Newlyweds Boris and Carrie Johnson have been congratulated by MPs and ministers following their low-key marriage.
The prime minister married his fiancee Carrie Symonds in a private ceremony at Westminster Cathedral on Saturday but Downing Street refused to confirm the fact until Sunday morning.
The pair will have a larger celebration in 2022, at a time when coronavirus restrictions are likely to have been relaxed.
A small group of family and friends attended the wedding, organised in strict secrecy, which was followed by a reception in the gardens of 10 Downing Street.
A No 10 spokesman said: "The Prime Minister and Ms Symonds were married yesterday afternoon in a small ceremony at Westminster Cathedral.
"The couple will celebrate their wedding with family and friends next summer."
They are said to have sent save-the-date cards to family and friends for the celebration on 30 July 2022.
It is understood Ms Symonds will take her husband's surname and be known as Carrie Johnson.
A picture issued by No 10 of the couple in Downing Street's garden after the wedding saw them gazing at each other with Mrs Johnson wearing a long white dress and a floral headband and the Prime Minister a dark suit and blue tie, with a white flower in his buttonhole.
Mrs Johnson's gown was reportedly a 2,870-pound (4,072-dollar) Costarellos creation - although the Telegraph reported she may have hired it for 45 pounds a day.
Johnson's third marriage
The couple announced their engagement, together with the news that they were expecting their first child, in February last year.
Their son, Wilfred, was born in April 2020.
It is Mr Johnson's third marriage, having finalised his divorce from his second wife, Marina Wheeler, in 2020.
The wedding ceremony at the Catholic cathedral was carried out by Father Daniel Humphreys, who had given the couple pre-marriage instructions, and baptised Wilfred last year, The Sun newspaper reported.
Shortly after 1.30 pm, the cathedral was suddenly cleared of visitors, with staff saying it was going into lockdown, the newspaper said.
Half an hour later, a limousine carrying the bride swept into the piazza outside the main west door.
The ceremony meant Mr Johnson became the first prime minister to marry in office since Lord Liverpool married Mary Chester in 1822.
Despite his history, Mr Johnson may never have been previously married in the eyes of the Catholic church, clearing the way for the cathedral ceremony.
As neither his six-year first marriage to Allegra Mostyn-Owen, nor his second 27-year marriage to Ms Wheeler were Catholic ceremonies, they may have been considered invalid.
Matt Chinery, an ecclesiastical and canon lawyer, told Times Radio on Sunday: "There is a requirement if you are a Roman Catholic that you must have your wedding overseen by a Roman Catholic priest or deacon."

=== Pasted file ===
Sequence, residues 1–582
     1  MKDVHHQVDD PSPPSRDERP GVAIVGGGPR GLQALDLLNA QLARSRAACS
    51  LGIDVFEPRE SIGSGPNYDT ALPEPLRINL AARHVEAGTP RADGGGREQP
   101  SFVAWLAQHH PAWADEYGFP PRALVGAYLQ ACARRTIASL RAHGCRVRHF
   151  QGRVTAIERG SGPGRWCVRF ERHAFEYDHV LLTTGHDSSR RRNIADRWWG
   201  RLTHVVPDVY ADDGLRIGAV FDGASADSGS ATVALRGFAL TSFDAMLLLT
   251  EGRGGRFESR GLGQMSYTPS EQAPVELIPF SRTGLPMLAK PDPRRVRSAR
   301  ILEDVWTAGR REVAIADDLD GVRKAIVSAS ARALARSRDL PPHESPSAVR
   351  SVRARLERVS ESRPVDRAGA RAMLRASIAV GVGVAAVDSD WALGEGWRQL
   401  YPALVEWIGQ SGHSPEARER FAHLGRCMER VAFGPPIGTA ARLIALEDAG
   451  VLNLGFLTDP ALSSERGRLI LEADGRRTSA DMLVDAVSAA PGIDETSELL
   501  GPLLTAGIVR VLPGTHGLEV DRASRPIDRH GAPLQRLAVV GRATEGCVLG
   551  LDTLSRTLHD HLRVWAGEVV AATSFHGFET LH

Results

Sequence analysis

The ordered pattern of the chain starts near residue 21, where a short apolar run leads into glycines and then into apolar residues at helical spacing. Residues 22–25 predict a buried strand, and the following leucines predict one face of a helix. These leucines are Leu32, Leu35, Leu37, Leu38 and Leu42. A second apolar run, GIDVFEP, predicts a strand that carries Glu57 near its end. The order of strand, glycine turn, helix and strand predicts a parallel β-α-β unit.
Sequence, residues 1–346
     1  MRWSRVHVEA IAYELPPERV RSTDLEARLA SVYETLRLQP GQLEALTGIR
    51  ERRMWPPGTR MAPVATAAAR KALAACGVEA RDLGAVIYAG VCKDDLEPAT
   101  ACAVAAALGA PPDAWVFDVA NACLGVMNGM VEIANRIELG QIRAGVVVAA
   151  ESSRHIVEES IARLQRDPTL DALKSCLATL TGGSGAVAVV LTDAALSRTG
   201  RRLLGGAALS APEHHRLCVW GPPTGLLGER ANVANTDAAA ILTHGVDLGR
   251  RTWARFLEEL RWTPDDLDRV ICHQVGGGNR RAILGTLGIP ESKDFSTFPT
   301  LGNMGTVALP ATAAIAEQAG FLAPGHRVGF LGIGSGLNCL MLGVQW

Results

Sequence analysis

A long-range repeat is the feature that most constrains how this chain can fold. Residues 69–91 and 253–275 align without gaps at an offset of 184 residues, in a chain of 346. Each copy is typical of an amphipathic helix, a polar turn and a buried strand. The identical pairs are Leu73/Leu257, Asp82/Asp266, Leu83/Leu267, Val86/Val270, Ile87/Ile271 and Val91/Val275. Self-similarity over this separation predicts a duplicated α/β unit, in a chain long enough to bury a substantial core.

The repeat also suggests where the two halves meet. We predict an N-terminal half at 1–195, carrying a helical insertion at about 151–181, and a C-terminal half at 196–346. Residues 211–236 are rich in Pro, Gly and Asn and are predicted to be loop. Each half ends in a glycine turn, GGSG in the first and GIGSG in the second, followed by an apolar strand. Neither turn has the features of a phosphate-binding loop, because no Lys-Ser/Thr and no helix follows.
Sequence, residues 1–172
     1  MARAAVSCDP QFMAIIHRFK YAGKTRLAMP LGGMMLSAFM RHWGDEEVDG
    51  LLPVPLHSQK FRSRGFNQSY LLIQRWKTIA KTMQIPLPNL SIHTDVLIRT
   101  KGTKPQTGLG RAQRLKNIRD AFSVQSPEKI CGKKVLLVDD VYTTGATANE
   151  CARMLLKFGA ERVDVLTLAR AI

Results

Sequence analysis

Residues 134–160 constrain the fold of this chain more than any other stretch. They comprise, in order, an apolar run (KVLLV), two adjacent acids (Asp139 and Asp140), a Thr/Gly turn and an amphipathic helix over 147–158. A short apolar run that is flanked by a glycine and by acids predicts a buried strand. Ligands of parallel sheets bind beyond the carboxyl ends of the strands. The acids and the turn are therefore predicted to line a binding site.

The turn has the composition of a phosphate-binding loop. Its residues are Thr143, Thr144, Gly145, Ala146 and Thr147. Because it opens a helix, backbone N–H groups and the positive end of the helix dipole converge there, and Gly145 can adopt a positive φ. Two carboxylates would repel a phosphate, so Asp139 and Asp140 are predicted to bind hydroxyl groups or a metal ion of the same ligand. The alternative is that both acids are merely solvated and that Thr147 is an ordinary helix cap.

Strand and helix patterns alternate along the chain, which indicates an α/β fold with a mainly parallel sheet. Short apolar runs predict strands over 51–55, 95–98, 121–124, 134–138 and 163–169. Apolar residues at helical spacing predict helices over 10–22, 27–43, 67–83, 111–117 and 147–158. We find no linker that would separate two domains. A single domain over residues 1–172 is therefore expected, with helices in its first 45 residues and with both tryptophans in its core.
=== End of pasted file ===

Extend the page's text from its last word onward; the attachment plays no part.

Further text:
He explained that any other form of marriage "is not valid unless you had previous permission from your bishop to marry outside of the Catholic church."
Baptised as a Catholic
Mr Johnson was baptised as a Catholic, but was confirmed as an Anglican as a teenager, while his new bride is Catholic.
On Saturday, Mr Johnson's father, Stanley, was spotted in Downing Street after the ceremony, while guests and musicians were seen leaving No 10 following the reception.
A picture posted on Twitter by Foreign Office minister James Cleverly showed a barefooted Mrs Johnson with her new husband who had discarded his jacket and tie.
Decorations were hanging from trees and a drinks table had been fashioned from bales of straw.
Tory MPs and ministers posted messages to the couple on social media.
Cop26 President Alok Sharma sent "love, hugs and all best wishes."
Culture minister Caroline Dinenage said the new Mrs Johnson "looks adorable," while Health Secretary Matt Hancock offered the couple "best wishes on a happy future together."
Chancellor Rishi Sunak described the couple as his "friends and neighbours" in his message.
Weddings in England are currently subject to strict coronavirus restrictions with ceremonies permitted for up to 30 people in Covid-secure venues.
The big day followed a difficult week for the prime minister in which his former aide Dominic Cummings branded him unfit for office.
Labour former frontbencher, Jon Trickett, said the wedding was "a good way to bury this week's bad news" on Mr Cummings' testimony, the spread of the Indian coronavirus variant and the row about funding of the Downing Street flat.
Fellow Labour MP Tonia Antoniazzi suggested the "emergency marriage plan" was an attempt to "deflect from negative press" from Mr Cummings.
She tweeted: "They know he won't be able to plan one in Chequers cos he won't be PM next year..."
Worshippers attending mass at the cathedral on Sunday welcomed the news, despite the Prime Minister's colourful personal history.
Christopher Goodyear, a witness protection officer in the Metropolitan Police homicide division, said: "He's now married in the Catholic church so he can't get married again - if he does then that invalidates everything.
"So let's hope he keeps his trousers on and behaves himself."